The mountains of Nerja in southern Spain
10 minute read
Above the holiday towns of Nerja and Vélez-Málaga on the Costa del Sol lies the mountainous new National Park of the Sierras de Tejeda, Almijara y Alhama. Cicerone's Lesley and Jonathan Williams set out to explore this range as a quick getaway from the UK's rainy weather.
Spring arrives early in Nerja. It was mid-February, and the warm air on our faces as we stepped off the plane in Malaga was wonderful after the cool drizzle we had left behind in Manchester. We had escaped the Cicerone office for six days exploring a whole new mountain range, and it felt great.
Fifty minutes later we turned off the coastal motorway and drove into Nerja, navigating the labyrinthine streets in search of our apartment. As soon as we dumped our bags, our hosts promptly marched us off to their favourite tapas bar, filling us in on the local highlights on the way. As we walked, we caught tantalising glimpses of sea and mountains at the end of the narrow streets. The Mediterranean was a wonderful deep azure, the mountains steep, wild, and waiting for us. With only a few days in the area, the plan was to sample a few walks from our new guidebook to the Sierras de Tejeda, Almijara and Alhama. This relatively new Natural Park is only about the size of the Isle of Skye but packs in more than fifty mountains as high as the Munros (over 3000ft). We were eager to get started.
Our first ‘warm up’ walk was in the Sierra de Tejeda, our chosen route a 30-minute drive away just to the north of the village of Cómpeta, starting deep in a river valley. The scent of flowering rosemary and thyme filled the air. The temperature in the mid- to high teens, ideal for walking, with a breeze keeping us comfortable in just a base layer and light gilet. Contorted limestone outcrops and caves broke free from the scrubby vegetation, and as we climbed higher, views opened up looking back towards the coast.
When we reached Puerto Blanquillo, a saddle at the head of the valley, we met the only other walkers we saw that day. They had just returned from climbing Lucero (1779m), having driven their car up the tortuous gravel track to a small parking area to save time and altitude. We sat on a rock, ate some lunch and considered our options for the rest of the day. We wanted to go higher, but it was clear that getting to the summit of Lucero might leave us running short of daylight at the end of the day, and this was only the warm up walk.
We decided to aim for the col instead and moved on, this time up steeper, rockier ground to gain Puerto de Cómpeta (1404m). The views of the Sierra Nevada to the north east, shrouded in winter snow, were our reward. A lot of snow falls on these mountains. With the highest point, Mulhacén, at 3,478m above sea level, the aptly named Sierra Nevada (‘snowy mountain range’) gets an average of 75cm each winter which lingers late into the spring – perfect for winter mountaineering and snowsports.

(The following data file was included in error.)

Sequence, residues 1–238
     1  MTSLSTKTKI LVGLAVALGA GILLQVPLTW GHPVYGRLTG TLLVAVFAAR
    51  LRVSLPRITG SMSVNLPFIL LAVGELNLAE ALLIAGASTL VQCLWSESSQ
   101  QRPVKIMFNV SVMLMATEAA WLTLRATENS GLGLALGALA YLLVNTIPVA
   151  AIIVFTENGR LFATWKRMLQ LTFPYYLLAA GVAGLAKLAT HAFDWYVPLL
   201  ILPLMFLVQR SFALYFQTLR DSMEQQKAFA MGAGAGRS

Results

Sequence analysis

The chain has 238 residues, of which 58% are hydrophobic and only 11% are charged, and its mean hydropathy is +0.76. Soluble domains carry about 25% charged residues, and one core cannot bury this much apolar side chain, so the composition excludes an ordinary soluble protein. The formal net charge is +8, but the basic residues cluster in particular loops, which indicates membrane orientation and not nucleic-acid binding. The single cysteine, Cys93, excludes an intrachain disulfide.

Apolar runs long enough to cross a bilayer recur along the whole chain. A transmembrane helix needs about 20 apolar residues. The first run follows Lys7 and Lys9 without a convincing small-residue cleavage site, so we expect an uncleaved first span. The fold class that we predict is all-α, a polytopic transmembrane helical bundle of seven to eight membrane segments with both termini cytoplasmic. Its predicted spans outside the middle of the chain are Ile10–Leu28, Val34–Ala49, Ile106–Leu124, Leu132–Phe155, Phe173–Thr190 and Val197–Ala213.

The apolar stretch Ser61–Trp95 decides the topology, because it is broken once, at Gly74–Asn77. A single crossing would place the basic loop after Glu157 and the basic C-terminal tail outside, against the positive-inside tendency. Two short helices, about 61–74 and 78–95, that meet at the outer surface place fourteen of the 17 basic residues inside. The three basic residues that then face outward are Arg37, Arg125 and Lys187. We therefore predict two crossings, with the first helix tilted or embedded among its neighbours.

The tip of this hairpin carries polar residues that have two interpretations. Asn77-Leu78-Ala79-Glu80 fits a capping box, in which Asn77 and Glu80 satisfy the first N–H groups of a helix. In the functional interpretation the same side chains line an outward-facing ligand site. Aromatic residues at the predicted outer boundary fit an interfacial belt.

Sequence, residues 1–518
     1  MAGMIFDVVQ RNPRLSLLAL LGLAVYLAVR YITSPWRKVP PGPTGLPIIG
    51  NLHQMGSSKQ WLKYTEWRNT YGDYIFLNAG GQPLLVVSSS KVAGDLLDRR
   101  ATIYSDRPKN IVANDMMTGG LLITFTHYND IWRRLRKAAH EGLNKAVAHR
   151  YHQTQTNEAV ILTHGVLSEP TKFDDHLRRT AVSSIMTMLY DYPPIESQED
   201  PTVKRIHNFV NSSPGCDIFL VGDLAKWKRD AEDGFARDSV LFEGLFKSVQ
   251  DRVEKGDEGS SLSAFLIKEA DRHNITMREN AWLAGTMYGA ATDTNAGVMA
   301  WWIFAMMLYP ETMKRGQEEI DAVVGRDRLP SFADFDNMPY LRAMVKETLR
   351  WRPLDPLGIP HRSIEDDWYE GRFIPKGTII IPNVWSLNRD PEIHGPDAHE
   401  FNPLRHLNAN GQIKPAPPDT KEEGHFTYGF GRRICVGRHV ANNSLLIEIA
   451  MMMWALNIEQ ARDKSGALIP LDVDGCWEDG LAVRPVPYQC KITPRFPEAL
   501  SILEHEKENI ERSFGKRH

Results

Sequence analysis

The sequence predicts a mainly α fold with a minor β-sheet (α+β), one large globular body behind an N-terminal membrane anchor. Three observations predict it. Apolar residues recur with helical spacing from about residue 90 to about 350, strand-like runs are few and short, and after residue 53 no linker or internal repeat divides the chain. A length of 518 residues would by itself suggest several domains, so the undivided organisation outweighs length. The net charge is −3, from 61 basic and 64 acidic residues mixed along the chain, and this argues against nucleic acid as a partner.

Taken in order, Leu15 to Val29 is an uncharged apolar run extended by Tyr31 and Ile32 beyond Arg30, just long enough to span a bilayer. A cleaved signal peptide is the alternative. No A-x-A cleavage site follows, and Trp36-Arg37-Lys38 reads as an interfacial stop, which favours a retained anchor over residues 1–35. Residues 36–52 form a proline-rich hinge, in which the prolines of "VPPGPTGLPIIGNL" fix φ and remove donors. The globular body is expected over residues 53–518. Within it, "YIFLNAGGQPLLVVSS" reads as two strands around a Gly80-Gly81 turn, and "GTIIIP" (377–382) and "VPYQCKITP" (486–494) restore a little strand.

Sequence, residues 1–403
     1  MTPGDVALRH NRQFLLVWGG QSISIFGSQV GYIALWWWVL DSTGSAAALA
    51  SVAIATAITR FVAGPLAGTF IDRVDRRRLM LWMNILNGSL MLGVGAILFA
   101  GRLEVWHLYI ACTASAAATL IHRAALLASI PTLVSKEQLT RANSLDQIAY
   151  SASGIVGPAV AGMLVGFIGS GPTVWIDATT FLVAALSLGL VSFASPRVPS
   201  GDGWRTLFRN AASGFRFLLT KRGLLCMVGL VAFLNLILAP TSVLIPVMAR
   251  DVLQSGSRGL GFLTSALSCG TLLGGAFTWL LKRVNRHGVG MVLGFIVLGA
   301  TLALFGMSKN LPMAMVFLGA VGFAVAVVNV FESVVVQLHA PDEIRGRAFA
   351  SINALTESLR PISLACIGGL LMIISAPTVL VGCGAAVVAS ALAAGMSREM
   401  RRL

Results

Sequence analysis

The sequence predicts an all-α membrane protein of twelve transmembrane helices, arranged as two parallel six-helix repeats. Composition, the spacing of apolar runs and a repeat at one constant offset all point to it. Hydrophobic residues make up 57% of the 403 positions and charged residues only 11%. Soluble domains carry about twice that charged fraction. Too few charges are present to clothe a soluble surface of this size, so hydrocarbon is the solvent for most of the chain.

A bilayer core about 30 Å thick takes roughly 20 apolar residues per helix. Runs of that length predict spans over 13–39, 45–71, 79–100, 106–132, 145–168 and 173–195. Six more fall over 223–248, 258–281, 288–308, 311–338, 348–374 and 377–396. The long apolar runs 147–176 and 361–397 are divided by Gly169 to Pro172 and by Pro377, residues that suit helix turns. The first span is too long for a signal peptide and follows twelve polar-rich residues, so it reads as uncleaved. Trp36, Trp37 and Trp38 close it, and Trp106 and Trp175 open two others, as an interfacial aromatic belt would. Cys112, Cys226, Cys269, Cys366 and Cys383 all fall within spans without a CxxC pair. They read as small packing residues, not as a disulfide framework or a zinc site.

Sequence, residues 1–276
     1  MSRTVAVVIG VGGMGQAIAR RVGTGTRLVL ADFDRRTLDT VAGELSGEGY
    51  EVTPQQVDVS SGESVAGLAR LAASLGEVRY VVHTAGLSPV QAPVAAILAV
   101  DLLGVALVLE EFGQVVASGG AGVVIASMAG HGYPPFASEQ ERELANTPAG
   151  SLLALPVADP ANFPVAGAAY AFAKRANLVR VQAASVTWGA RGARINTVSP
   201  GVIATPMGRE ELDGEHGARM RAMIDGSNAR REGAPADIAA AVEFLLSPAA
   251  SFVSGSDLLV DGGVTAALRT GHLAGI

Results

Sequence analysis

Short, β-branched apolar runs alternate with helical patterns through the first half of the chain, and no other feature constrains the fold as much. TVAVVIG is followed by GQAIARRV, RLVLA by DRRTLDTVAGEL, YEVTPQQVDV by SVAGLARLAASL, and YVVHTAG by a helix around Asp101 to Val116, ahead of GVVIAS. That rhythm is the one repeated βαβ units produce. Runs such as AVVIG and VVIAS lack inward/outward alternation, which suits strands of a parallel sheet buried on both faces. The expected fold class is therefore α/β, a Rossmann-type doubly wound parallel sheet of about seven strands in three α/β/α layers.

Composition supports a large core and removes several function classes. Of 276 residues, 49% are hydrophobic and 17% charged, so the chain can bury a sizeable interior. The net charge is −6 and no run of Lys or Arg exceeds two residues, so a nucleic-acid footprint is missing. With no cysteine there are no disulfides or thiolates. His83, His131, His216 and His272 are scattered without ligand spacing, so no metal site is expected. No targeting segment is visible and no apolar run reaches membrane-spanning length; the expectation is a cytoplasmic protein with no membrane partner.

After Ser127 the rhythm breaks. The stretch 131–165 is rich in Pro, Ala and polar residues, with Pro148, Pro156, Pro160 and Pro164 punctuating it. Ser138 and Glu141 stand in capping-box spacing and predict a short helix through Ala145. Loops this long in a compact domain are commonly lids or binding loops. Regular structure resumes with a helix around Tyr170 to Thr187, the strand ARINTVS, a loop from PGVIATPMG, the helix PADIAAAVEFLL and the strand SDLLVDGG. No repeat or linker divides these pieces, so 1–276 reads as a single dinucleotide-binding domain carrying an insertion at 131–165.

Lucero would have to be climbed another day. We were starting to learn that these mountains are bigger than they seem. We decided to drop down through the woods, steeply at first, to a track that contoured high above the valley we had walked up through that morning, skirting round and eventually down to where we had left the car. Views to the south over endless interlocking hillsides stretched hazily towards the Mediterranean, an aromatic breeze filling the air.
As we walked down we passed clusters of pine trees peppered with mysterious giant white cocoons. Only later did we work out what they were. We nearly stepped on what we thought was an old piece of rope lying on the track and suddenly realised that it was moving! This four or five metre-long ‘rope’ was made up of thousands of pine processionary caterpillars, slowly but determinedly seeking a suitable site to metamorphose into moths (Thaumetopoea pityocampa).
Better than Manchester airport it may be, but the weather isn’t always great, even in Andalucía. The best time to go walking in these mountains is in late April and early May, when it is not too hot and the winter rains have eased. The flowers will be in full bloom and the landscape verdant. From November through to April walking conditions in Andalucía are still good but it is the main season for rain. Snow on the Almijaras is rare, and snow never settles on Lucero because of the high winds.
So, being in the middle of the rainy season, we did have a couple of cold wet days and spent them visiting Córdoba – a couple of hours’ drive away and well worth the trip – and exploring Alhama de Granada (another route from the guidebook) on our way back. It’s an easy circular walk up through a deep sandstone gorge, where you can return either the same way, or along the path along the eastern rim of the gorge. There had been torrential rain the previous day, but it had cleared, leaving cold damp air filling the gorge. It wasn’t a day for a long walk, but this short route was reasonably sheltered so fitted the bill perfectly.
Access into the Sierras is generally easiest if you have a rental car. There are some buses but having your own transport is essential if you’re going to make the most of the mountains. You do need a good head for heights – and that’s just for driving, never mind the walking. The hillsides are steep, almost Nepalese in character. There are some good paths and many are good mountain paths, but just as many are infrequently used, and overgrown with gorse, maquis and other unforgiving spikey things. Add in wild boar excavations, and you can easily find yourself thrashing through vegetation up to your chest, making navigation more a case of heading in a general direction, rather than following a ‘path’.